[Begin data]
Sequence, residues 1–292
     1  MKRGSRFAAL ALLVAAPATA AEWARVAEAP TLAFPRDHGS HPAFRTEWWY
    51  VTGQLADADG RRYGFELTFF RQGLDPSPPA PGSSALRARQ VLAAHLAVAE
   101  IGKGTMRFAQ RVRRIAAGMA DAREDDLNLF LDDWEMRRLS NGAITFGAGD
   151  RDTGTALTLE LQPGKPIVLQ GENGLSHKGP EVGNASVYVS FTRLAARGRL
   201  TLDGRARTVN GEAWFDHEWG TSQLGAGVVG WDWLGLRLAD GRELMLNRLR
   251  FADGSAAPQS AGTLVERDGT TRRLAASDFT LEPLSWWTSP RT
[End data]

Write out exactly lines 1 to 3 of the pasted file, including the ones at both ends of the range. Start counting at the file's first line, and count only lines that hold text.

Sequence, residues 1–292
     1  MKRGSRFAAL ALLVAAPATA AEWARVAEAP TLAFPRDHGS HPAFRTEWWY
    51  VTGQLADADG RRYGFELTFF RQGLDPSPPA PGSSALRARQ VLAAHLAVAE